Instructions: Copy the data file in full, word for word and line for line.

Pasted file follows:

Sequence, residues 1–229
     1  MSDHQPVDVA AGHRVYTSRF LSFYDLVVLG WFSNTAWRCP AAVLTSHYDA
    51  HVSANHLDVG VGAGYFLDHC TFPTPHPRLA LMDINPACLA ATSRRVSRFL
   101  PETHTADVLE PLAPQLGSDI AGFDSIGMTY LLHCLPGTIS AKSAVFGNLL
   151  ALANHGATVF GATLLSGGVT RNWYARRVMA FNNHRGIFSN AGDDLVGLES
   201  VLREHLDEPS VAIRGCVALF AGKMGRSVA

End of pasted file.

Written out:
Sequence, residues 1–229
     1  MSDHQPVDVA AGHRVYTSRF LSFYDLVVLG WFSNTAWRCP AAVLTSHYDA
    51  HVSANHLDVG VGAGYFLDHC TFPTPHPRLA LMDINPACLA ATSRRVSRFL
   101  PETHTADVLE PLAPQLGSDI AGFDSIGMTY LLHCLPGTIS AKSAVFGNLL
   151  ALANHGATVF GATLLSGGVT RNWYARRVMA FNNHRGIFSN AGDDLVGLES
   201  VLREHLDEPS VAIRGCVALF AGKMGRSVA